President Martinelli of Panama Visits Peace Corps Headquarters; Leads Official Delegation Visit to the United States

April 27, 2011

WASHINGTON, D.C., April 27, 2011 The Peace Corps hosted Ricardo Martinelli, President of Panama, and the official Panamanian delegation for a panel discussion with Peace Corps officials, U.S. Ambassador to Panama Phyllis Powers and returned Peace Corps volunteers (RPCVs) who served in Panama. In addition to President Martinelli, the discussion included Vice President and Minister of Foreign Relations Juan Carlos Varela, Ambassador to the United States Mario Ernesto Jaramillo and Minister of Education Lucy Molinar. During the event, President Martinelli and Peace Corps Chief of Staff Stacy Rhodes delivered remarks and thanked one another for the spirit of cooperation that represents the Peace Corps program. Each RPCV introduced themselves to the panel and shared a story from their experiences in Panama.

Magnifying glass icon President Ricardo Martinelli and Peace Corps Chief of Staff Stacy Rhodes.Panama has been an important partner for Peace Corps for almost 50 years, said Peace Corps Chief of Staff Stacy Rhodes (RPCV, Bolivia 68-70). Peace Corps volunteers in Panama partner with communities to teach farmers sustainable agricultural techniques, improve English-teaching methods, promote environmental education in schools, and develop health and sanitation initiatives throughout the country.

The delegations visit coincides with the arrival of 44 new Peace Corps trainees who arrived in Panama City for pre-service training. The trainees are joining the over 200 Americans currently serving. After nine weeks of training, the new volunteers will be assigned to permanent work sites where they will serve for two years as community environmental conservation and sustainable agriculture volunteers. Since 1963, nearly 2,000 Americans have served as Peace Corps volunteers in Panama. Volunteers teach English and work in environmental health, sustainable agriculture systems, and community environmental conservation. Peace Corps volunteers in Panama also work with youth, women, and rural and indigenous organizations to develop income-generating activities and small business skills. Volunteers are trained in the following languages: Embera, Ngabe, Spanish, Wounaan, and Naso.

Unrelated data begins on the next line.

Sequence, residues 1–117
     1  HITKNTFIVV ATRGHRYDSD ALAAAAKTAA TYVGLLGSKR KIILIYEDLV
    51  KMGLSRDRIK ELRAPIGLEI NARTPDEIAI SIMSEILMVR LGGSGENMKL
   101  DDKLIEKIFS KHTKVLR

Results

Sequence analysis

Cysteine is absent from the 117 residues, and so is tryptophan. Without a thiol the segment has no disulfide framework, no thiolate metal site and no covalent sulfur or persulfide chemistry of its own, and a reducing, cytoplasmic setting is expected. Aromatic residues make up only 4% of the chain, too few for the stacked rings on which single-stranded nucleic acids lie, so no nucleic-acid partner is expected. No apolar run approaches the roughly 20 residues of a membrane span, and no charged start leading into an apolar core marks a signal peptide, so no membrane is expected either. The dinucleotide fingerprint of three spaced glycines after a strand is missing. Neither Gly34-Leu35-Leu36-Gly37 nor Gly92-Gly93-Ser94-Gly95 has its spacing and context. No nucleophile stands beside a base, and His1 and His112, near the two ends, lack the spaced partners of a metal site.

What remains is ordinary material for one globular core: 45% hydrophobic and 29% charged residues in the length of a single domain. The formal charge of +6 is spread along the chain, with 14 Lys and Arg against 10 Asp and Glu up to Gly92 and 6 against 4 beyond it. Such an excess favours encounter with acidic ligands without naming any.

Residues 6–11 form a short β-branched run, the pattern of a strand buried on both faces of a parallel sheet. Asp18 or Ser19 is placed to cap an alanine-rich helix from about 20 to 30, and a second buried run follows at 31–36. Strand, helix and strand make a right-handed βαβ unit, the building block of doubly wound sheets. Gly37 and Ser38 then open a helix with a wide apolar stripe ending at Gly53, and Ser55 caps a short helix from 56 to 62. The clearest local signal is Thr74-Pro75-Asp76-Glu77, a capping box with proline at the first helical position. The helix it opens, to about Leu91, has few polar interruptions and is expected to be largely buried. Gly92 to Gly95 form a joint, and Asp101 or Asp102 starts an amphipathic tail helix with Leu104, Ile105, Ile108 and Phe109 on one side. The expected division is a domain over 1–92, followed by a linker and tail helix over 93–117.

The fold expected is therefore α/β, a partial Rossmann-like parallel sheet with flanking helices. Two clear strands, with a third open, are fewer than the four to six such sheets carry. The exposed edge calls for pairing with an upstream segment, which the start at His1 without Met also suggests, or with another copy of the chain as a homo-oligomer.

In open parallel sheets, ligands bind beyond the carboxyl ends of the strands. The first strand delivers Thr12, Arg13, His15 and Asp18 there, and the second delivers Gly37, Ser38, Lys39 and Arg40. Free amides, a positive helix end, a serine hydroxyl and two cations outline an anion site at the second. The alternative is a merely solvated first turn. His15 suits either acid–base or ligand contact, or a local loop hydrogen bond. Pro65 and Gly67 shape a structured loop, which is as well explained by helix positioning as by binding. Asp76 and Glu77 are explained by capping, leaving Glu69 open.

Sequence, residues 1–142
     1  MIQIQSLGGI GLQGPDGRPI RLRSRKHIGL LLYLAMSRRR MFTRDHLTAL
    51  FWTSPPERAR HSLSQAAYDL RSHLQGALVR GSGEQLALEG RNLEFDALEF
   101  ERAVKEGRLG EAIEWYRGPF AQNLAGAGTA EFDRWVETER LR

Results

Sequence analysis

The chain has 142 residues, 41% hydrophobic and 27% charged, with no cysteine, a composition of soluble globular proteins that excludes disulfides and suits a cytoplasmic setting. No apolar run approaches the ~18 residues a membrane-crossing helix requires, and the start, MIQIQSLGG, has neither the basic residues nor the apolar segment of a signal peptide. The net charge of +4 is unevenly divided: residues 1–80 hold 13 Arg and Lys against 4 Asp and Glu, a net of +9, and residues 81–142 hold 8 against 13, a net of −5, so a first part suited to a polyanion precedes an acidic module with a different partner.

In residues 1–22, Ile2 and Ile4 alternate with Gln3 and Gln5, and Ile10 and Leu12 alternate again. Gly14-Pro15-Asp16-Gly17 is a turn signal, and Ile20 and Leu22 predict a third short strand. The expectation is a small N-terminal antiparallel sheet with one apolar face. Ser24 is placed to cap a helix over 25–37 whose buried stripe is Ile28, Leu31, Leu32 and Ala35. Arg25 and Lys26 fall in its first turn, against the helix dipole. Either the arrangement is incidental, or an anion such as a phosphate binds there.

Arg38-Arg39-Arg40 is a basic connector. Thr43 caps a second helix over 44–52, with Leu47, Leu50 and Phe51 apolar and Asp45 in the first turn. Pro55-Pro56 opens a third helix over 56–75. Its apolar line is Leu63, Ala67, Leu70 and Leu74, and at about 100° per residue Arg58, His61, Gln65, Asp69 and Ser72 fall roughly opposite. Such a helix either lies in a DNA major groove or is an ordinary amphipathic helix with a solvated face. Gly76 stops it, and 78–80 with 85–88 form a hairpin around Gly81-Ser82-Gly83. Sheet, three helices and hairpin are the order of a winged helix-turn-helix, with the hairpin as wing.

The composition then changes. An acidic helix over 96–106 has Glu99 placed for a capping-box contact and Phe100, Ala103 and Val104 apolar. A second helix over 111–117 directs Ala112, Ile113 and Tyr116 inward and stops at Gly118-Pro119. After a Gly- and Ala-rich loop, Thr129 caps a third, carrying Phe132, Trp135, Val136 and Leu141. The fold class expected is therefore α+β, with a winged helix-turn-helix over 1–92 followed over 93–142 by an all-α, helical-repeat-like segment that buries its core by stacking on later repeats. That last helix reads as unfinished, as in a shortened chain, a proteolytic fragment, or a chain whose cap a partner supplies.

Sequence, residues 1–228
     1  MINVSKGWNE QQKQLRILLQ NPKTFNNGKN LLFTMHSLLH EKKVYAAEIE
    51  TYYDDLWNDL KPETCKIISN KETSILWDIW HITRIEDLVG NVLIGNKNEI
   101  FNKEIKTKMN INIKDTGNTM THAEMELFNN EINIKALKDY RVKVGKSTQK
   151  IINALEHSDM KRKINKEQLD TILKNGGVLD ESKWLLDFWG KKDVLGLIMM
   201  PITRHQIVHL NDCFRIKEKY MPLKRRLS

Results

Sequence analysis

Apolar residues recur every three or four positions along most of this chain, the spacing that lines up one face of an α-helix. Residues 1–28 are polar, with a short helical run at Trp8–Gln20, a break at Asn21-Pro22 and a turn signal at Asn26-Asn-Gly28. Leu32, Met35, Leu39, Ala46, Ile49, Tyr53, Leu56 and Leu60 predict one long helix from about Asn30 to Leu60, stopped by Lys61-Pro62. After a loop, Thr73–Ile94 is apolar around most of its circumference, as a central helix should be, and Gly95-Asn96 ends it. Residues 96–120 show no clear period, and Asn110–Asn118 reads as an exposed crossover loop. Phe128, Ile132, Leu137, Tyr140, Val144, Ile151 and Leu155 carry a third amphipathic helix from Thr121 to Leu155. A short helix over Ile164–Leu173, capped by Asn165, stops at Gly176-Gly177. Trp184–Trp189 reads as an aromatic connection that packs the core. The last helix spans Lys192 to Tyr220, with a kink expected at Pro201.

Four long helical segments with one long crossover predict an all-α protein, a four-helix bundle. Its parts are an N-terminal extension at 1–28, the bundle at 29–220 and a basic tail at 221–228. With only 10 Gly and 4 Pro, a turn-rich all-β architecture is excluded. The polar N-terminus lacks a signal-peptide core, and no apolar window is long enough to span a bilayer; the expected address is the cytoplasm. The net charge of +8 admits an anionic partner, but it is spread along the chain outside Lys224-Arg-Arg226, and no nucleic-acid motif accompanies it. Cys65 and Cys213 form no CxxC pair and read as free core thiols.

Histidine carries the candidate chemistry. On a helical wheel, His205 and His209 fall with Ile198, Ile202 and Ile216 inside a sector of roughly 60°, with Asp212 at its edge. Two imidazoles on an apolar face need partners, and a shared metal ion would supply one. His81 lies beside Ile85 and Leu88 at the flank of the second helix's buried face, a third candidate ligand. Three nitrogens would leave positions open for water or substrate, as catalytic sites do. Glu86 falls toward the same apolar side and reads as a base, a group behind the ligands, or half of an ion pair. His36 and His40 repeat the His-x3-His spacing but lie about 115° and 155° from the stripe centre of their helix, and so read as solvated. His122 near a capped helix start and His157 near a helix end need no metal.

About the Peace Corps: President John F. Kennedy established the Peace Corps on March 1, 1961, by executive order. Throughout 2011, Peace Corps is commemorating 50 years of promoting peace and friendship around the world. Historically, more than 200,000 Americans have served with the Peace Corps to promote a better understanding between Americans and the people of 139 host countries. Today, 8,655 volunteers are working with local communities in 77 host countries. Peace Corps volunteers must be U.S. citizens and at least 18 years of age. Peace Corps service is a 27-month commitment. Visit www.peacecorps.gov for more information.

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